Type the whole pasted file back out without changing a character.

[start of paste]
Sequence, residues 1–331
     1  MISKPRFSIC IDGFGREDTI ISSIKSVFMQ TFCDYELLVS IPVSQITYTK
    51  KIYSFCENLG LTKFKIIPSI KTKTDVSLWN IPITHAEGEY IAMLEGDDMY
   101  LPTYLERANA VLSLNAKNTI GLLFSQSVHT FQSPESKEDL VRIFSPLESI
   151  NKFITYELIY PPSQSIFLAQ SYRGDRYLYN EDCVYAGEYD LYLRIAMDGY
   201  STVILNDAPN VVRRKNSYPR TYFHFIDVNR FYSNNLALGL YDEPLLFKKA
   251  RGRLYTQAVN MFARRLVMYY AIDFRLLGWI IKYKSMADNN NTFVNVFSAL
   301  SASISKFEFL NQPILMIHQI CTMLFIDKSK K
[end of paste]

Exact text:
Sequence, residues 1–331
     1  MISKPRFSIC IDGFGREDTI ISSIKSVFMQ TFCDYELLVS IPVSQITYTK
    51  KIYSFCENLG LTKFKIIPSI KTKTDVSLWN IPITHAEGEY IAMLEGDDMY
   101  LPTYLERANA VLSLNAKNTI GLLFSQSVHT FQSPESKEDL VRIFSPLESI
   151  NKFITYELIY PPSQSIFLAQ SYRGDRYLYN EDCVYAGEYD LYLRIAMDGY
   201  STVILNDAPN VVRRKNSYPR TYFHFIDVNR FYSNNLALGL YDEPLLFKKA
   251  RGRLYTQAVN MFARRLVMYY AIDFRLLGWI IKYKSMADNN NTFVNVFSAL
   301  SASISKFEFL NQPILMIHQI CTMLFIDKSK K